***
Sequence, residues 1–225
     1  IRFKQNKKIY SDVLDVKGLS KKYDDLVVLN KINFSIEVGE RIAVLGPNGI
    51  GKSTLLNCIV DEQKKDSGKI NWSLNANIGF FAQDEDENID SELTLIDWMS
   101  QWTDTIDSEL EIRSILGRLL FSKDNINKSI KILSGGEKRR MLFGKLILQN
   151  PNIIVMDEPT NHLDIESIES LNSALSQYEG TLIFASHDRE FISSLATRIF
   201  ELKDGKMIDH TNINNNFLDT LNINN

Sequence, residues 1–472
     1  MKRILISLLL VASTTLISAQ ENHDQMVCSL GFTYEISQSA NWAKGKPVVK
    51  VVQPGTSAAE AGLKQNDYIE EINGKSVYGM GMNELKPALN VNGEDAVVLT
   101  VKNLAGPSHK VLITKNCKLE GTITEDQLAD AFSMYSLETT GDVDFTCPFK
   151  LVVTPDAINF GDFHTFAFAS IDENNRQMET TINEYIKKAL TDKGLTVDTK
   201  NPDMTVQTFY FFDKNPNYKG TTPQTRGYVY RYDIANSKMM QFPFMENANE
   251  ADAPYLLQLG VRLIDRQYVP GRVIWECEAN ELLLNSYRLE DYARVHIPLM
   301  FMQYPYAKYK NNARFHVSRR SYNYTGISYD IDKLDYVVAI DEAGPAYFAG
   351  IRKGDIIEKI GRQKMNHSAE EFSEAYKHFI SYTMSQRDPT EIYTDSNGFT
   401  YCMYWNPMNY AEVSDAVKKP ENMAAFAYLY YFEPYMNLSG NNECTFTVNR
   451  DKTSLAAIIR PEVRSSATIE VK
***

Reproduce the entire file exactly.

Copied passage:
Sequence, residues 1–225
     1  IRFKQNKKIY SDVLDVKGLS KKYDDLVVLN KINFSIEVGE RIAVLGPNGI
    51  GKSTLLNCIV DEQKKDSGKI NWSLNANIGF FAQDEDENID SELTLIDWMS
   101  QWTDTIDSEL EIRSILGRLL FSKDNINKSI KILSGGEKRR MLFGKLILQN
   151  PNIIVMDEPT NHLDIESIES LNSALSQYEG TLIFASHDRE FISSLATRIF
   201  ELKDGKMIDH TNINNNFLDT LNINN

Sequence, residues 1–472
     1  MKRILISLLL VASTTLISAQ ENHDQMVCSL GFTYEISQSA NWAKGKPVVK
    51  VVQPGTSAAE AGLKQNDYIE EINGKSVYGM GMNELKPALN VNGEDAVVLT
   101  VKNLAGPSHK VLITKNCKLE GTITEDQLAD AFSMYSLETT GDVDFTCPFK
   151  LVVTPDAINF GDFHTFAFAS IDENNRQMET TINEYIKKAL TDKGLTVDTK
   201  NPDMTVQTFY FFDKNPNYKG TTPQTRGYVY RYDIANSKMM QFPFMENANE
   251  ADAPYLLQLG VRLIDRQYVP GRVIWECEAN ELLLNSYRLE DYARVHIPLM
   301  FMQYPYAKYK NNARFHVSRR SYNYTGISYD IDKLDYVVAI DEAGPAYFAG
   351  IRKGDIIEKI GRQKMNHSAE EFSEAYKHFI SYTMSQRDPT EIYTDSNGFT
   401  YCMYWNPMNY AEVSDAVKKP ENMAAFAYLY YFEPYMNLSG NNECTFTVNR
   451  DKTSLAAIIR PEVRSSATIE VK